Another Fantastic Ford Fable - Transmission Digest

Another Fantastic Ford Fable

A 1997 Ford E 250 van equipped with a 4.2-liter engine and a 4R70W transmission comes into the shop with a complaint of falling out of fourth gear into third at highway speeds. In local traffic, however, the transmission acts like a C6 with a stuck governor; it remains in second gear as you come to a stop and “dunks” down into first gear.
Another Fantastic Ford Fable

Shift Pointers

Author: Pete Luban

Shift Pointers

  • Author: Pete Luban

A 1997 Ford E 250 van equipped with a 4.2-liter engine and a 4R70W transmission comes into the shop with a complaint of falling out of fourth gear into third at highway speeds. In local traffic, however, the transmission acts like a C6 with a stuck governor; it remains in second gear as you come to a stop and “dunks” down into first gear.

The technician hooks up the scan tool to check for codes that might provide a clue that will eventually lead to the cause of the problem. To the technician’s surprise, no codes are stored. The technician knows this has to be electrical, because the scan tool told him that the computer was commanding the downshift to third gear.

Upon viewing the transmission data list, he noticed that the scanner was showing the manual-lever position as D2, and when he checked the voltage at the manual-lever position sensor (MLPS), it indicated 1.36 volts. This is a D2 voltage indication!

This is a very busy shop, so the technician installed a new MLPS (who doesn’t keep at least one MLPS in stock?). The new MLPS made no difference; all symptoms remained the same.
One important piece of information that you will need to know is that this van had just come from a general-repair shop that had installed a used engine.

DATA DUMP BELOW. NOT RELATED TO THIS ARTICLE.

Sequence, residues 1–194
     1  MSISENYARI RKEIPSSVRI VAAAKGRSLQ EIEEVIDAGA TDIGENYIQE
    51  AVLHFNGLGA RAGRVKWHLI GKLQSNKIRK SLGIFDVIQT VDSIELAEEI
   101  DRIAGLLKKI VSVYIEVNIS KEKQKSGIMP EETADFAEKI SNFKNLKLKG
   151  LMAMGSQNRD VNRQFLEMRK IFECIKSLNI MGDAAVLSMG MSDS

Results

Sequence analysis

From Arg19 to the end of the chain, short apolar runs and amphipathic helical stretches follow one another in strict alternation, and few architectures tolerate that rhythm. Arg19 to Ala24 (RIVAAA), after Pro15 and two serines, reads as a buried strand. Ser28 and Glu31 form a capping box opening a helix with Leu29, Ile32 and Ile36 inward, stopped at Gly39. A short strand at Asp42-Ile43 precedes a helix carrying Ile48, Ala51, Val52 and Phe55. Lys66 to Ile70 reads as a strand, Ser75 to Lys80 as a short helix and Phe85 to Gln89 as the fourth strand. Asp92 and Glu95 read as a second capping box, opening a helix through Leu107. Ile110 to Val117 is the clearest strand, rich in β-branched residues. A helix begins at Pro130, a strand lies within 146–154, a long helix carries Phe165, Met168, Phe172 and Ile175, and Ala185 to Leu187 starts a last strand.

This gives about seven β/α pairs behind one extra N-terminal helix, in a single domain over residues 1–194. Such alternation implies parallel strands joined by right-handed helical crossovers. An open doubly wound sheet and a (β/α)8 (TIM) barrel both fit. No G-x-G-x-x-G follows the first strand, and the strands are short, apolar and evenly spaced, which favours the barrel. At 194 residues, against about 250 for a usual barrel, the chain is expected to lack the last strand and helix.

A lot of times when this type of work is done, a number of wiring-harness hold-down points are not reattached; that was the case here.

As the technician got further into his diagnostic routine, the problem seemed to lead toward the front of the vehicle.

Figure 1 shows where the problem is. Doesn’t look very inviting, does it?

The arrows in figures 2 and 3 point to the cause of the problem. It seems that the wires in the connector indicated by the arrow had not been attached to their hold-down brackets; they were just lying on top of the alternator. The wires in this connector include those that carry the MLPS signal to the powertrain control module (PCM).

The alternator field apparently was sending induced voltage into the connectors and therefore altering the MLPS signal to the PCM, which is probably why it acted differently at highway speeds from the way it did at slow speeds.

These late-model vans have the same wiring layout as long as they are equipped with a gasoline engine, which means it doesn’t necessarily have to have a 4.2-liter. The diesels are set up differently.

I ran into similar situations some time ago on GM trucks with 4L80 E transmissions. In cold regions of the country, it was common to change gasoline-powered vehicles over to propane, and the propane fuel system uses its own computer system. Inevitably, the wiring for this system would be too long. As a result, the technician installing the propane system would wrap the excess wiring around existing wiring, which always seemed to be the speed-sensor wires. Of course, this would interfere with transmission operation and cause erratic shifting and problems with the torque-converter-clutch signal.

These days more than ever, it seems that you have to be more meticulous about things that, in the past, would have seemed insignificant.

Once the wiring on this Ford van was secured properly, the MLPS signal returned to normal operation, as did the van.

Many thanks to Roly at Rainbow Transmission in Hialeah, FL, for sharing this with me.

Until next time.

Pete Luban is a technical consultant for the Automatic Transmission Service Group (ATSG) and a frequent contributor to Transmission Digest.

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